<!-- (DEFAULT)  Target: deploy                     -->
  <!-- ============================================  -->
 
  <property name="drupal.workingdir" value="./drupal" />
  <!-- Get the full directory path -->
  <resolvepath propertyName="drupal.workingdir.resolved" file="${drupal.workingdir}" />
   
  <target name="deploy" description="Deploys a copy of Drupal Core">
    <mkdir  dir="${drupal.workingdir}" />
    <!-- Clone drupal core -->
    <gitclone repository="http://git.drupal.org/project/drupal.git" targetPath="${drupal.workingdir.resolved}" />
  </target>

</project>

This may fail for you if you don't have PEAR's VersionControl_Git package installed, go ahead and install that if you need to

$ pear install VersionControl_Git-alpha

This is going to take several minutes since cloning a repository with Git will retrieve the entire history of the Drupal project, so it's time to go make yourself a cup of tea. If you want to understand more about what exactly git is retrieving at this point, I recommend Blake Hall's excellent Vision for Version Control video on Drupalize.me. For the sake of saving us some time whilst we're learning, we're going to reuse this clone so we don't have to wait each time we run the Phing build file (you could try "git archive --remote" if your remote repository supports that). We'll do it by checking to see if the drupal/.git directory exists or not. For your own deployment scripts it's better to make no assumptions about files that are already on your system and start from a clean checkout of your code.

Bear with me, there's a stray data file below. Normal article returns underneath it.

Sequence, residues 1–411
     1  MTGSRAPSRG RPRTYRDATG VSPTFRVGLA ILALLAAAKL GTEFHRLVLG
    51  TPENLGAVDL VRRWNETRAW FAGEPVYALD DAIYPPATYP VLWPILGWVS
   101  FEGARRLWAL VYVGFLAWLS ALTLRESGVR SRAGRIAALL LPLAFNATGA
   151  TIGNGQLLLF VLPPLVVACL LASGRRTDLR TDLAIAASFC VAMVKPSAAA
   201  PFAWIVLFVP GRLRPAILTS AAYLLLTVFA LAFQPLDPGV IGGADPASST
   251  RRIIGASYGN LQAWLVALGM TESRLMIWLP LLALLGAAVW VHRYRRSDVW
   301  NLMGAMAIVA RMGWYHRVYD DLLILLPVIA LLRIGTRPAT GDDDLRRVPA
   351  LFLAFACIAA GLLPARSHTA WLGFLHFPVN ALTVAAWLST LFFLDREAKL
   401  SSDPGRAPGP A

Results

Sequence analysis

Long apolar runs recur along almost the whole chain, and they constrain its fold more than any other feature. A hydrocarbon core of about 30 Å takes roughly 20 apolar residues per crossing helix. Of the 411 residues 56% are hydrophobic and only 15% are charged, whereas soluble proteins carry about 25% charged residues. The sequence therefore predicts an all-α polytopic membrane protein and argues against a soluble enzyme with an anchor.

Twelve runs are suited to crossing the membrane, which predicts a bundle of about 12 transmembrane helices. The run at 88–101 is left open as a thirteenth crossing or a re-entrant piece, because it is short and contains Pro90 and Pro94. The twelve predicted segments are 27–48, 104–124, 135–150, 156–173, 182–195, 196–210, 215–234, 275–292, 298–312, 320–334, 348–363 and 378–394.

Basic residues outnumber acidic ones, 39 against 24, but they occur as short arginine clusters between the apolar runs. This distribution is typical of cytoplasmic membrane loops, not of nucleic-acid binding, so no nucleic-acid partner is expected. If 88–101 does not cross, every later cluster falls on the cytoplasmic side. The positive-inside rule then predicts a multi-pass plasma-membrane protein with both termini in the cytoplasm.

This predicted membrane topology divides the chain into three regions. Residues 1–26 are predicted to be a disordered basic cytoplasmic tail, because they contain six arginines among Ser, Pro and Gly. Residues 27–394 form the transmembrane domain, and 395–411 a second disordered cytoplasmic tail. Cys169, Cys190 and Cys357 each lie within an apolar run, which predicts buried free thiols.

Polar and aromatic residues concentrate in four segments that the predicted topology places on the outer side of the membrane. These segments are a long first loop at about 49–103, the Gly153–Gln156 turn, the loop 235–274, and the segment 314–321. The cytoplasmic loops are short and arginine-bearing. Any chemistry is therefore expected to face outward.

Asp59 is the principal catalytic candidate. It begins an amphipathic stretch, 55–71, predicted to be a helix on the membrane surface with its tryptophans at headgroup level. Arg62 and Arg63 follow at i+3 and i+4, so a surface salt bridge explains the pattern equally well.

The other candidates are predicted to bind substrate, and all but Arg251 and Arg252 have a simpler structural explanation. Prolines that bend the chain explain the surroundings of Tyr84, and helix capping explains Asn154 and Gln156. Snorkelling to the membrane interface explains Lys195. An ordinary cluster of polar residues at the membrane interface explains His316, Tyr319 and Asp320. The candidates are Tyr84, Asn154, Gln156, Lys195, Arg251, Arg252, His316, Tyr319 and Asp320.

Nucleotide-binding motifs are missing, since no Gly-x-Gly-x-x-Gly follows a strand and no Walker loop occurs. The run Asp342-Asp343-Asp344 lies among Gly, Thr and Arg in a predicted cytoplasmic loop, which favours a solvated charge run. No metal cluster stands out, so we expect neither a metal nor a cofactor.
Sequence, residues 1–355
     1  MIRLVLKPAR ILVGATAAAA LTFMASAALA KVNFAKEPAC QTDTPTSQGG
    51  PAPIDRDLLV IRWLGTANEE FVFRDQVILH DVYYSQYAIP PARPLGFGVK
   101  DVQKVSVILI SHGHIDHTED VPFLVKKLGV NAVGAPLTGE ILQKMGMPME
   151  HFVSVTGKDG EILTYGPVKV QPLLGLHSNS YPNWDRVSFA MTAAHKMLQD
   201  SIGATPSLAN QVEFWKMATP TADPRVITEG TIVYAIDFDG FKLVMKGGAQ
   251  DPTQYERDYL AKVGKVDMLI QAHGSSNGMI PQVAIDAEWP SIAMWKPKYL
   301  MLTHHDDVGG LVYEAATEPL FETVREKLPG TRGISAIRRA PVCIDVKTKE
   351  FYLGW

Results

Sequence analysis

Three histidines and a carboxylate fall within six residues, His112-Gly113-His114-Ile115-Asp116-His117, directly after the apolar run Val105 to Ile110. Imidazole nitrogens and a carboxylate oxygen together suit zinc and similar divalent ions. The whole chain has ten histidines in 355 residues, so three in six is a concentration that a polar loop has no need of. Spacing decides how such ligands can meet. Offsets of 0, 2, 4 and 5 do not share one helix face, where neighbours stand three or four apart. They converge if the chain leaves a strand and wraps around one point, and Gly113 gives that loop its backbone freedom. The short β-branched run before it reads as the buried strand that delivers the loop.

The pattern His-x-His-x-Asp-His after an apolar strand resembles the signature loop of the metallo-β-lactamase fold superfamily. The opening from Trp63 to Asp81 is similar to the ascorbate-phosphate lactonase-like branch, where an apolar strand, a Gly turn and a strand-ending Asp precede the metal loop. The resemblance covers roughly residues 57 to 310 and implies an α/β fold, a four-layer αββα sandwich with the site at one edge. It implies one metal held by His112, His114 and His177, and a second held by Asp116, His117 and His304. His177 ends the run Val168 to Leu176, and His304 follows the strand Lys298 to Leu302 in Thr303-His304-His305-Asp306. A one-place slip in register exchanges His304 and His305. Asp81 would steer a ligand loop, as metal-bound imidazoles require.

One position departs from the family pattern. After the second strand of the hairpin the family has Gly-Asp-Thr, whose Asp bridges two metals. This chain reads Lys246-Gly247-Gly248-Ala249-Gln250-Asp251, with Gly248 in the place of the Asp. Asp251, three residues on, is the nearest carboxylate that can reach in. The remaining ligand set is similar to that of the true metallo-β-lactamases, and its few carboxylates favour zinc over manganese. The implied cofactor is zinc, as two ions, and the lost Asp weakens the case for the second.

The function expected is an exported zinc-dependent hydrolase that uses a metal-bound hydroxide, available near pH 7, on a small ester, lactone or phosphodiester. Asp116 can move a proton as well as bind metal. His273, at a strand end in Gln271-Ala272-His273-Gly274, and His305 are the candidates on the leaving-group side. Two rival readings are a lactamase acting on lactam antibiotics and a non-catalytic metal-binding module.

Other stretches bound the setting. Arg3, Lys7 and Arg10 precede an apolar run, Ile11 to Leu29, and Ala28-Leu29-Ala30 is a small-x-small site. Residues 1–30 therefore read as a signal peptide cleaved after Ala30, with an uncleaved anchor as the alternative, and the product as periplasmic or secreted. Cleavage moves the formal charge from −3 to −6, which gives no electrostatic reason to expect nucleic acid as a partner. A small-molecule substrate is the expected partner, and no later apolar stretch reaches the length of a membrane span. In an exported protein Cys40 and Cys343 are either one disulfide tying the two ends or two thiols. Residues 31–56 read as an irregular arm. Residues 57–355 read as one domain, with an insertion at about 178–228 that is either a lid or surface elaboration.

<target name="getDrupal" description="Clone the Drupal repository">
  <delete dir="${drupal.workingdir.resolved}" includeemptydirs="true" verbose="true" failonerror="false" />
  <mkdir  dir="${drupal.workingdir.resolved}" />
  <!-- Clone drupal core -->
  <gitclone repository="http://git.drupal.org/project/drupal.git" targetPath="${drupal.workingdir.resolved}" />
</target>

Now you can run "phing getDrupal" if you want to remake your git repository.

Steps for Deployment

It usually helps to write the steps down in a list before building the XML.

  1. Get Drupal
  2. Switch to the version of Drupal I want
  3. Add database credentials to settings.php
  4. Put the code in the webroot (and remove unwanted files)
  5. Make the code live